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Wednesday, March 06, 2002

It's the Music that Matters

(caution: this entry is completely irony-free)

I buy sheet music compulsively. I have at least five feet of music on the shelves in my apartment. My piano is stacked with stuff I am playing or playing around with. I have much more music than my abilities and time left on this earth will afford me to play. I keep buying more because I like the way music looks. I like having the possiblities contained in these books at my beck and call.

I especially like the Schirmer’s Library of Musical Classics books. These are yellow with green garlanded trim. They are incredibly inexpensive which further fuels my fetish. The first one I purchased was titled First Lessons In Bach. I remember walking up to the cash register and feeling like an imposter. I thought the sales clerk might challenge me, make me play a few measures, but I just needed to fork over the $3.95 (I told you they were cheap).

Another great series of music books for the beginning to intermediate pianist are the Alfred Masterwork Editions. These aren’t much more expensive than the Schirmer books. They have great looking reproductions of paintings that reflect their content. On the introduction book to Beethoven’s piano works there is a detail from Joseph Mähler’s oil portrait of Beethoven doing his best Gary Oldman impersonation.

Samuel Scott’s Entrance to the Fleet River is on the cover of Clementi’s six sonatinas. The thumbnail sketch on the back cover explains this choice. “This beautiful oil painting was chosen for this cover because, not only does it represent the London that Clementi knew as a young boy, but like his sonatinas, this colorful, bright and refreshingly airy composition is a joyous celebration of the times.” I love the painting at least as much as the sonatinas, but I love that description more. I would love for something that I create to be so described.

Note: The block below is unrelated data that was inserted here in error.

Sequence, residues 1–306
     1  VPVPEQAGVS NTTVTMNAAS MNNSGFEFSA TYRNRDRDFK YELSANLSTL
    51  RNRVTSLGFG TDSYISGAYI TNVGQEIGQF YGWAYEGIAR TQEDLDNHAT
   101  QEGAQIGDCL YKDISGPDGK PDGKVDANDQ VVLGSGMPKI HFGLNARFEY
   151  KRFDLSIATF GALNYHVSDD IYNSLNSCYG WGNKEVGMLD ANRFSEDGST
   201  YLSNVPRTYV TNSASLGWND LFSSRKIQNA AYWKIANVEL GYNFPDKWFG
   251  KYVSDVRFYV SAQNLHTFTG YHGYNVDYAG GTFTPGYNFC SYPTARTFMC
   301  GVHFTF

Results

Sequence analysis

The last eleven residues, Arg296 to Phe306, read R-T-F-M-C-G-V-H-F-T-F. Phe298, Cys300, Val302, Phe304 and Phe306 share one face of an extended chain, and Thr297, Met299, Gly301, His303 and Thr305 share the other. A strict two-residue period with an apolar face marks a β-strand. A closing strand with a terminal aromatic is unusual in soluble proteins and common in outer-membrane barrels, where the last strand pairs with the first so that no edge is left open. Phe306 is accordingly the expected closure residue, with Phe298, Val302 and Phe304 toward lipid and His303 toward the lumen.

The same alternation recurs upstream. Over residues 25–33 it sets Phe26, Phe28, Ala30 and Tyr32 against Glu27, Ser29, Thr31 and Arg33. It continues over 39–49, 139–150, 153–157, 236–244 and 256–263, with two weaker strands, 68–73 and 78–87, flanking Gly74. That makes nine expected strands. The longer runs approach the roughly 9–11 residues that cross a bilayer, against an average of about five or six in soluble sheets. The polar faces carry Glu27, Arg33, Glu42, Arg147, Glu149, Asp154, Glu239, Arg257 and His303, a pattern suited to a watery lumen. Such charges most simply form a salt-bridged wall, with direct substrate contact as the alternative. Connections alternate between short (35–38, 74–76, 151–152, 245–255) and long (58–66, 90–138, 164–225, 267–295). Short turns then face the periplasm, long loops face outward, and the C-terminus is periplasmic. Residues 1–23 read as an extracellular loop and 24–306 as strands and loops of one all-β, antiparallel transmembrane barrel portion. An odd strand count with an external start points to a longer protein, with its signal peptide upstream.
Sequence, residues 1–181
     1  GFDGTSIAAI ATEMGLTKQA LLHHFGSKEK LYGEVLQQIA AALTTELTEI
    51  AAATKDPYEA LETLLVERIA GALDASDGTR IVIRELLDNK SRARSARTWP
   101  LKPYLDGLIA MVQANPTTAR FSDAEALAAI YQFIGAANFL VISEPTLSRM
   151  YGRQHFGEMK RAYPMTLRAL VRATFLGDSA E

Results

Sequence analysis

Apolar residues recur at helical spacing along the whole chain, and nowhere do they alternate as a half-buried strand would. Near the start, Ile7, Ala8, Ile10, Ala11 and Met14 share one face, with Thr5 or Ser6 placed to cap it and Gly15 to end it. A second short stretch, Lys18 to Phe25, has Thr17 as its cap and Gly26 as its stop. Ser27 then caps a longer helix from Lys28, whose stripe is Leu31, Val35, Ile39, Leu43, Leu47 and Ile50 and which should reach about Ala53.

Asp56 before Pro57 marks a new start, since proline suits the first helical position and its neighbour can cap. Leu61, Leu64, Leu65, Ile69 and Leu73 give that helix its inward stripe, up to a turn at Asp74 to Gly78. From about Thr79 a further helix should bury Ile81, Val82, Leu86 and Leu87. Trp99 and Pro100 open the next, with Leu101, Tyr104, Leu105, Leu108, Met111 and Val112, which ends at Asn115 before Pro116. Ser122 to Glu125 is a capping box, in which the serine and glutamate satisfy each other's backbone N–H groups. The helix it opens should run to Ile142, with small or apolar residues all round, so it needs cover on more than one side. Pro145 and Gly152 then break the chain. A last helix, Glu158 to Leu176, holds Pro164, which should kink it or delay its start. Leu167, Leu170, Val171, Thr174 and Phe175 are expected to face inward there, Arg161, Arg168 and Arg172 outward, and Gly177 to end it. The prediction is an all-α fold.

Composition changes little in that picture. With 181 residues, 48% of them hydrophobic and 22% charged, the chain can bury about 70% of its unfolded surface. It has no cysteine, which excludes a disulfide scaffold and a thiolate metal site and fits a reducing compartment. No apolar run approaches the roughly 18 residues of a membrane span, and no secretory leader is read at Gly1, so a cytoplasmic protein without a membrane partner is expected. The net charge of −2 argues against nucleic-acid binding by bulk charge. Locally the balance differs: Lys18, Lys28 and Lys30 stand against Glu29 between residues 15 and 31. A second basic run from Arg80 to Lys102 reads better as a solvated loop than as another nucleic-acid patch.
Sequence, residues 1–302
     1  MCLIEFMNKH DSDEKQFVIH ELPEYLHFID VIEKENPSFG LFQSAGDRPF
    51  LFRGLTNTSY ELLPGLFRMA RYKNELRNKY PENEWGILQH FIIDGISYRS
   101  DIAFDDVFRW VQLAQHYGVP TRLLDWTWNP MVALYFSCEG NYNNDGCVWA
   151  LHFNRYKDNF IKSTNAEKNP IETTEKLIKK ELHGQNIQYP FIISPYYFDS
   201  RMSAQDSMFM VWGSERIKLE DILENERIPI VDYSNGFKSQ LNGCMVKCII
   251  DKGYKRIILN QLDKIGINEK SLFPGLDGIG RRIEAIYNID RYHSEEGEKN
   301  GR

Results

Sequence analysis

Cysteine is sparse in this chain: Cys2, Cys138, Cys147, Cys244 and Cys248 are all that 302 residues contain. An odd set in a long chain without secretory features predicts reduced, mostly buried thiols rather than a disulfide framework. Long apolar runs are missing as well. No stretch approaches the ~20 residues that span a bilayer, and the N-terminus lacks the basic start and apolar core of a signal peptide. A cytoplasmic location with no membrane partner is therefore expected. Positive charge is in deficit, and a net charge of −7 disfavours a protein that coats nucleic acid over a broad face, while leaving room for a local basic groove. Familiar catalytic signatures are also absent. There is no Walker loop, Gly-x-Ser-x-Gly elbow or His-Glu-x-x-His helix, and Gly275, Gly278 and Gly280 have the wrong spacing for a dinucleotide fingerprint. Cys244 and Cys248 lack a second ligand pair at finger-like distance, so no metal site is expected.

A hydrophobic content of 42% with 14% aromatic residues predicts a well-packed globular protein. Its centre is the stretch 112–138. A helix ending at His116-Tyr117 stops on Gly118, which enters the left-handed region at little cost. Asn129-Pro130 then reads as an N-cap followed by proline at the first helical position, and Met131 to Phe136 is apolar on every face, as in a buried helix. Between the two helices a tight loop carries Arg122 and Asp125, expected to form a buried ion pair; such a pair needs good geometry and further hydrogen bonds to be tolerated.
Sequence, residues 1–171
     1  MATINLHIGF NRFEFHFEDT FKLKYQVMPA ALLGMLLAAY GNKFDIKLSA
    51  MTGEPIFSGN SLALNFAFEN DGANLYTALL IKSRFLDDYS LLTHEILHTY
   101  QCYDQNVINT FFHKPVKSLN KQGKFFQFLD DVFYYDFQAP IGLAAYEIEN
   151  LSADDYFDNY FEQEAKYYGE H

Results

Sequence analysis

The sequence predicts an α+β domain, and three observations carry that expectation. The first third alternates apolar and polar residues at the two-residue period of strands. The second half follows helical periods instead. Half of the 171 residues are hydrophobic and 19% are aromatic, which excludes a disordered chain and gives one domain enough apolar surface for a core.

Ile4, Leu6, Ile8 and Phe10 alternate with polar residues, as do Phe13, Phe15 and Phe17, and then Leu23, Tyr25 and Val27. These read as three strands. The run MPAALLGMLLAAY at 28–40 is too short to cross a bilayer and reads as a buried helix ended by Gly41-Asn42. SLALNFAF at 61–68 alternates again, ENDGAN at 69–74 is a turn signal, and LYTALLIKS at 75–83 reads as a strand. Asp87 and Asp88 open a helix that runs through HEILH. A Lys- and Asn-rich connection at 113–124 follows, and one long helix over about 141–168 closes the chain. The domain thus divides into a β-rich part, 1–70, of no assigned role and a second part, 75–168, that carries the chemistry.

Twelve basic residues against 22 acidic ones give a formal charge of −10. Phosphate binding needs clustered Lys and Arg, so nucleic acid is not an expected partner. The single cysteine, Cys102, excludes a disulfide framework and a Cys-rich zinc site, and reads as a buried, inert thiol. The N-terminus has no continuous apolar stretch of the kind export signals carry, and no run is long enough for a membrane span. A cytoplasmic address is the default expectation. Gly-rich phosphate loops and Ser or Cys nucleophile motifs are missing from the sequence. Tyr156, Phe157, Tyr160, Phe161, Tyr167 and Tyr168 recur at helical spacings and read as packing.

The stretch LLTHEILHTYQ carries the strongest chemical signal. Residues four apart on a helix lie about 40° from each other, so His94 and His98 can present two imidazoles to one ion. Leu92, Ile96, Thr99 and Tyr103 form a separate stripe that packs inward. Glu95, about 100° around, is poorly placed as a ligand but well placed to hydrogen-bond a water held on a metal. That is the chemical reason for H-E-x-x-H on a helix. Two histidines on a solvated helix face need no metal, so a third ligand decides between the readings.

A little later in the day, I passed by a middle school orchestra performing on the stage of the Seattle Center. I missed out on the whole band thing as a kid because where I grew up music training was seen as superfluous, or at least highly optional. I look upon young musicians with equal parts awe and envy. A person who learns a language as an adult is almost never fully able to conquer the accent, similarly, it is nearly impossible to master an instrument if you start late in life as I did. Better late, as they say.

I took a seat and listened to the concert. They band concluded with a medley of songs from Annie. Their teacher and conductor was really working them through this piece and the kids rose to the occasion. They looked like they were having a blast up there. As a spectator it would have been impossible not to be moved by the performance, even if you aren’t a big show tune whore like I am. They finished up the medley and the concert with Tomorrow and I couldn’t help thinking to myself that if these kids playing Annie isn't a joyous celebration of the times, a colorful, bright and airy composition, I don’t know what is.

I will probably get beat up for this but I'll leave you with this song which you'll be singing the rest of the day:


The sun'll come out tomorrow, bet your bottom dollar that tomorrow
there'll be sun.
Jus' thinking about tomorrow clears away the cobwebs and the sorrow
till there's none.
When I'm stuck with a day that's gray and lonely, I just stick out my chin and grin and say:
Oh, the sun'll come out tomorrow, so you got to hang on till tomorrow
come what may!
Tomorrow, tomorrow, I love ya, tomorrow, you're only a day away.

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